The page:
#InContext: Dwight D. Eisenhower

by | Mar 29, 2017


The Cold War was in full swing when Dwight D. Eisenhower was elected president of the United States for the second time. Soviet tanks had violently smothered Hungarian protesters months before the election, which Eisenhower mentions in his second inaugural address in January 1957, “Budapest is no longer merely the name of a city; henceforth it is a new and shining symbol of man’s yearning to be free.”

As the oppressive Soviet government asserted itself throughout Eastern Europe, Eisenhower reminded Americans that events across the Atlantic could not be ignored. As the United States enjoyed its prosperity, the people of other nations struggled for freedom. They needed help. “This [America] is our home — yet this is not the whole of our world. For our world is where our full destiny lies — with men, of all people, and all nations, who are or would be free. And for them — and so for us — this is no time of ease or of rest.”

The main thrust of Eisenhower’s inaugural address matched the sentiment of earlier president Abraham Lincoln when he said, “Those who deny freedom to others deserve it not for themselves.” Yet whereas Lincoln referred to slavery within the borders of the United States, Eisenhower applied this idea internationally, calling on democratic states to band together under the United Nations to resist injustice across the globe. “There must be law,” said Eisenhower, “steadily invoked and respected by all nations, for without law, the world promises only such meager justice as the pity of the strong upon the weak.” He goes on to say that the United States must “strive to fortify the authority of the United Nations. For in that body rests the best hope of our age for the assertion of that law by which all nations may live in dignity.”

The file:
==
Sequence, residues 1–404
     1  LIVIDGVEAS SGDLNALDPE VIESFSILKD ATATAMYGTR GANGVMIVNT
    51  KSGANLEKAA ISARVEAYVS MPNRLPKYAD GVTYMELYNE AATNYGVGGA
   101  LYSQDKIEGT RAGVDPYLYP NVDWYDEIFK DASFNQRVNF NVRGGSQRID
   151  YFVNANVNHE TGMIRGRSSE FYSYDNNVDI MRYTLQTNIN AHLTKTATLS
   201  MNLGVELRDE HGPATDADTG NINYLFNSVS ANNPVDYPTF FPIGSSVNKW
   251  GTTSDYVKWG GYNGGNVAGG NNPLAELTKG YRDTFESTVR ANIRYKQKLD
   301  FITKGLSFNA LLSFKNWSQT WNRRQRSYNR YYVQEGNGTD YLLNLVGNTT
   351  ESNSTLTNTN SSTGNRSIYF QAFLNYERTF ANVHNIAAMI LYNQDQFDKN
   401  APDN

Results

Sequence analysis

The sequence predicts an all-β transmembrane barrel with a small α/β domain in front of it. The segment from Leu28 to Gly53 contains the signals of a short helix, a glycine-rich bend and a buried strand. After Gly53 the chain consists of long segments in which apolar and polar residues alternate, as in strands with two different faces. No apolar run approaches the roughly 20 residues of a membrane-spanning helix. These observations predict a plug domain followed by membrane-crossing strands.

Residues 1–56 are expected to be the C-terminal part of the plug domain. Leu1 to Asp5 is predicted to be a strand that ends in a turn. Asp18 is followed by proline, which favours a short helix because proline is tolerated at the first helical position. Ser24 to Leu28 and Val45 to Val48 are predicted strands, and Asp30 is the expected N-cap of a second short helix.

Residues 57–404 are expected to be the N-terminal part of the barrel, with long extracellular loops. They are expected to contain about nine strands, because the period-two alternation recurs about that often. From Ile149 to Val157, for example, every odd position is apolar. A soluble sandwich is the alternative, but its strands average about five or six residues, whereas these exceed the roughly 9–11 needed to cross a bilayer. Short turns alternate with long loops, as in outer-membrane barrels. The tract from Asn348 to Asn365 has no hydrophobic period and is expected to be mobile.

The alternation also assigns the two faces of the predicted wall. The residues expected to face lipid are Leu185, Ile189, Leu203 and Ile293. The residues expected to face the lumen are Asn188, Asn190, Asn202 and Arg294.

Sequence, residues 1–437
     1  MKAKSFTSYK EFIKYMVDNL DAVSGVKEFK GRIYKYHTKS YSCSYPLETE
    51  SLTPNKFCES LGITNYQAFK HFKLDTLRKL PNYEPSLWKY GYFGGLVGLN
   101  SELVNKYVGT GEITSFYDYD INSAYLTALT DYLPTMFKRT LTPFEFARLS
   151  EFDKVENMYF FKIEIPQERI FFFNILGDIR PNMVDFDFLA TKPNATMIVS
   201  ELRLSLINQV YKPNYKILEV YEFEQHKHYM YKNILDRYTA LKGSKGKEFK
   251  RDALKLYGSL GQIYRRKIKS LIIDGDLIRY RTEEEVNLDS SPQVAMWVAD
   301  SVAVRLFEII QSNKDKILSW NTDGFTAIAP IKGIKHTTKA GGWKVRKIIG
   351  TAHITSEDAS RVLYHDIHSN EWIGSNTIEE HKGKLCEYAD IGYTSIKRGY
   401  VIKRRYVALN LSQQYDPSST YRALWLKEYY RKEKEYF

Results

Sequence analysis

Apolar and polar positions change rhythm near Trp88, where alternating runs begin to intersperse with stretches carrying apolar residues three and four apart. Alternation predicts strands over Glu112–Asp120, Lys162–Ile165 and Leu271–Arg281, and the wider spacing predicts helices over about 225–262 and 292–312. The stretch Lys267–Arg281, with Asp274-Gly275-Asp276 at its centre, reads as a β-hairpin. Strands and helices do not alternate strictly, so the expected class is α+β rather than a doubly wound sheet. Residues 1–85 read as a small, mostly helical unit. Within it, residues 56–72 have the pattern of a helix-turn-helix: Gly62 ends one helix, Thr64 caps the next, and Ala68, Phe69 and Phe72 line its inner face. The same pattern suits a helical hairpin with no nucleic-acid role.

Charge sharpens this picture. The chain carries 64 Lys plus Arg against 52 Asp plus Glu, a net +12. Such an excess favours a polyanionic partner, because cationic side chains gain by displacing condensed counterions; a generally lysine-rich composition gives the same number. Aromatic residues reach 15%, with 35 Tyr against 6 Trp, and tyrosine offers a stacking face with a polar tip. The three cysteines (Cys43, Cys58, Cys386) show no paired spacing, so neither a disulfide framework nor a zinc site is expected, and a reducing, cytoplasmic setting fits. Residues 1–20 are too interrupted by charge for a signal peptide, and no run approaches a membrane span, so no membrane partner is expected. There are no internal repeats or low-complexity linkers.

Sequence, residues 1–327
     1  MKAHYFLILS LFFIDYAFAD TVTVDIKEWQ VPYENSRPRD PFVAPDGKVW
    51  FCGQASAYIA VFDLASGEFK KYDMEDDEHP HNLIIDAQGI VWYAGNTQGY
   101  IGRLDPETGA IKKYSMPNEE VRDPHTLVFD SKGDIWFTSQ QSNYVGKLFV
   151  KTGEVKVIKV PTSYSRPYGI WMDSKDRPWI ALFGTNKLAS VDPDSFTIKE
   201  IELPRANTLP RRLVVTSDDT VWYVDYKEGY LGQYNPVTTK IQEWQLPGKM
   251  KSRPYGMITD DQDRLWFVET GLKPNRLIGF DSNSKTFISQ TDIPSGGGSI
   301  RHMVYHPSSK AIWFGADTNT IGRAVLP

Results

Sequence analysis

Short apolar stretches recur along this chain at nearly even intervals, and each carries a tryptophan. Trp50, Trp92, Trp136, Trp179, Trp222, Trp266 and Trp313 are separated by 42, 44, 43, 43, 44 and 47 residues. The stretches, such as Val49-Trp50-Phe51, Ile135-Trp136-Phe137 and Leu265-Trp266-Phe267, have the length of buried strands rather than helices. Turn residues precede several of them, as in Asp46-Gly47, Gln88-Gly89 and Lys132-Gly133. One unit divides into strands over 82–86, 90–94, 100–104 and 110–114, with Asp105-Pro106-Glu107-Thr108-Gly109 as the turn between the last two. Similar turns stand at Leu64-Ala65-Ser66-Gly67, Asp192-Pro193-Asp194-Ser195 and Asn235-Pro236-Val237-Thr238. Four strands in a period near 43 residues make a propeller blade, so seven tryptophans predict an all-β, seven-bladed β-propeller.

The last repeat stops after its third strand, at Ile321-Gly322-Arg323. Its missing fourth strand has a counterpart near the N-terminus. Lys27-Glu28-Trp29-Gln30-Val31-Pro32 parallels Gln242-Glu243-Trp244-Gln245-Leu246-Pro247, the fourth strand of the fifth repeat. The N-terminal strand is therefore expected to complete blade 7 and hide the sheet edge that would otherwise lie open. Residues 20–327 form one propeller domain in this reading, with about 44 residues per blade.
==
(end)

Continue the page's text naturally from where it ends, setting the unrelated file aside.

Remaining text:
It is only in the midst of lawless chaos that oppressors find a foothold. Eisenhower identifies the uncertainty and instability following World War II as the perfect window of opportunity for a Communist takeover. “It strives to capture — to exploit for its own greater power — all forces of change in the world, especially the needs of the hungry.”

Since Eisenhower’s time, the United Nations has indeed grown in size and influence. It has established international statutes against human trafficking, which the vast majority of nations have enshrined in local law. Yet chaos and instability are still a norm in many poor nations, and vulnerable individuals are exploited despite the laws. The United States is still prosperous. So we still have a duty. To extend peace so that freedom can be realized across the globe. As Eisenhower said,

“We seek peace, knowing that peace is the climate of freedom.”

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